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Old 12-13-2012, 04:15 AM   #11
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Sorry, that was in response to grandqueso.

What you said it was I understood to be the case. 3-wire outlet to 4-wire GFI and all will work well.

My question though, since this is "not ideal", is if it's worth it to have the 4-wire outlet installed (For $275, or maybe less with a different electrician).

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Old 12-13-2012, 04:24 AM   #12
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Sorry, that was in response to grandqueso.

What you said it was I understood to be the case. 3-wire outlet to 4-wire GFI and all will work well.

My question though, since this is "not ideal", is if it's worth it to have the 4-wire outlet installed (For $275, or maybe less with a different electrician).
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Old 12-13-2012, 04:25 AM   #13
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Old 12-13-2012, 04:30 AM   #14
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Yes I was.
Heh. Well, it's up to you what you'll do to make things perfect. You could easily convert the 3-wire to a 4 wire just by pulling a nearby ground wire into the junction box and swapping the connector. That's what I would do long before I'd pay someone else.

Or pay them.

Or run the box as I described. I think it's safe to do so, just not ideal. There are failure modes that are unlikely, but the consequences are severe (to say the least). That's referred to as risk, and I can't tell you how much to take.

If the idea of spending $275 now isn't appealing, just build off the 3-prong and fix it later.
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Old 12-13-2012, 04:39 AM   #15
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Im not advocating bonding the spa panel and pulling a ground out of no where . Im saying create a situation where you only need two hots and a ground.. No neutral load off of your three wire circuit.

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Old 12-13-2012, 04:42 AM   #16
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Heh. Well, it's up to you what you'll do to make things perfect. You could easily convert the 3-wire to a 4 wire just by pulling a nearby ground wire into the junction box and swapping the connector. That's what I would do long before I'd pay someone else.

Or pay them.

Or run the box as I described. I think it's safe to do so, just not ideal. There are failure modes that are unlikely, but the consequences are severe (to say the least). That's referred to as risk, and I can't tell you how much to take.

If the idea of spending $275 now isn't appealing, just build off the 3-prong and fix it later.
How would you go about pulling a nearby ground wire?
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Old 12-13-2012, 04:49 AM   #17
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How would you go about pulling a nearby ground wire?
Every outlet in your house has a ground wire in it. Wire nuts and some ingenuity should be enough to get the wire from one of those boxes to your dryer junction box. I'd get in my attic, drill a hole in the top plate of the wall with a wood bit and run the wire down to the box. I know not everyone wants to do that.

if there's a 120V outlet between the same wall studs, it's easy to run the ground up/down in the wall. If not, you can cut a section of drywall out and pull it through the studs. Lots of ways to skin the cat.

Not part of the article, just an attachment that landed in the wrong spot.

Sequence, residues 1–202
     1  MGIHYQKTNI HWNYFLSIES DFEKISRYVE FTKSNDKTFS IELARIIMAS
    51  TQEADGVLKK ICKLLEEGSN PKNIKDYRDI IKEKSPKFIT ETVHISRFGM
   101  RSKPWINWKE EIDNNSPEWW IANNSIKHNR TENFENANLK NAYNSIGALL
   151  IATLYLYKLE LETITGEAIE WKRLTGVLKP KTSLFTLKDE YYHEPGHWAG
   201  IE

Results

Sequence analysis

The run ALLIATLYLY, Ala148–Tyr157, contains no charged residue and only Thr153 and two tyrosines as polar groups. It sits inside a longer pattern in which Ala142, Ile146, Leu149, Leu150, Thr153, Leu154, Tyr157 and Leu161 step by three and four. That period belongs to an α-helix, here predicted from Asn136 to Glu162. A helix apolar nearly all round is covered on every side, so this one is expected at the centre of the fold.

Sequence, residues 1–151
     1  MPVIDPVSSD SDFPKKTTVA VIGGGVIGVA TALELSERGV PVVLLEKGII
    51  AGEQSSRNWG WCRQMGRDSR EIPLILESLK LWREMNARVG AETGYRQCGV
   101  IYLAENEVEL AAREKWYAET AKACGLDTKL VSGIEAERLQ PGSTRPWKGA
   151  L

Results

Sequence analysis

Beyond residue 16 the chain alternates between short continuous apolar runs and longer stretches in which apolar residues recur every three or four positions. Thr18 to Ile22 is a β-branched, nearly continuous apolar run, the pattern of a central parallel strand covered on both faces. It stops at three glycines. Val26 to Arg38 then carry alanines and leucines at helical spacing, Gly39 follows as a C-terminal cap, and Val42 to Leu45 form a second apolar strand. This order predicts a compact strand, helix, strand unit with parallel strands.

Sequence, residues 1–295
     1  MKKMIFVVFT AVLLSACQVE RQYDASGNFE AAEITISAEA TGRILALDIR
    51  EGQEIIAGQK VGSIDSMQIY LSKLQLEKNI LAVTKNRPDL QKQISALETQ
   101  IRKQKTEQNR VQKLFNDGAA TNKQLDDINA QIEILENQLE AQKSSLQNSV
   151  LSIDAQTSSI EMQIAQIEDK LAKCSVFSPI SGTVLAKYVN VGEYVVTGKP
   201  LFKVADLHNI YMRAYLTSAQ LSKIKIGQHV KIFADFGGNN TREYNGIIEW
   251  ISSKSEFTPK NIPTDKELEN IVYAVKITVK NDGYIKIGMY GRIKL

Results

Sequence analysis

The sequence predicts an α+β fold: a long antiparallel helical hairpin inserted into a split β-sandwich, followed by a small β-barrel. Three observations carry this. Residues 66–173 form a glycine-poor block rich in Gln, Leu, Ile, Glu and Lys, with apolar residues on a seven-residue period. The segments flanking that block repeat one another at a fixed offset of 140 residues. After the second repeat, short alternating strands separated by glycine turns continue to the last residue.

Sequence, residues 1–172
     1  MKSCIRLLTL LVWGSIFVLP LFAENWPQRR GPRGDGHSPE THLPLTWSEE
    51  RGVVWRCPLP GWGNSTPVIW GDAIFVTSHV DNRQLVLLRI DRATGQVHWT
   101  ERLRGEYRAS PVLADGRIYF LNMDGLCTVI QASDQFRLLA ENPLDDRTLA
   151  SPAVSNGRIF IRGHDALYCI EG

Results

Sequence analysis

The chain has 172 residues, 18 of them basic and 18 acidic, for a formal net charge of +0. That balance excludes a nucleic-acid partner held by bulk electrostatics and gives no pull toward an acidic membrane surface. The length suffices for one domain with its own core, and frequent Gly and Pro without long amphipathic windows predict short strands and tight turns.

I'm no electrician, so I'm just marking time here until the real guys come in here and give me hell and take over.
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Old 12-13-2012, 06:34 AM   #18
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Every outlet in your house has a ground wire in it. Wire nuts and some ingenuity should be enough to get the wire from one of those boxes to your dryer junction box. I'd get in my attic, drill a hole in the top plate of the wall with a wood bit and run the wire down to the box. I know not everyone wants to do that.

if there's a 120V outlet between the same wall studs, it's easy to run the ground up/down in the wall. If not, you can cut a section of drywall out and pull it through the studs. Lots of ways to skin the cat.

I'm no electrician, so I'm just marking time here until the real guys come in here and give me hell and take over.
Hmm. The dryer outlet is right next to the breaker panel, and the house is pier+beam. I bet I could crawl under the house and do something pretty easily. It's a rent house, so I'd prefer to avoid drilling and cutting as much as possible.
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Old 12-14-2012, 07:43 AM   #19
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If you cut in a "old work" cut in box just below your panel, you could just add a new 4 wire receptacle as a dedicated circuit. It would be flush mounted to the wall. I seriously doubt the landowner would know that it wasn't always there. just do neat work and be sure to use a proper romex connector when you bring the wire into the panel. It takes me about 20 mins to add an outlet below a panel like that as long as its not a wood lath wall.

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Old 12-14-2012, 08:54 AM   #20
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If you cut in a "old work" cut in box just below your panel, you could just add a new 4 wire receptacle as a dedicated circuit. It would be flush mounted to the wall. I seriously doubt the landowner would know that it wasn't always there. just do neat work and be sure to use a proper romex connector when you bring the wire into the panel. It takes me about 20 mins to add an outlet below a panel like that as long as its not a wood lath wall.
Unfortunately, the panel is full, so I can't add a whole new circuit.
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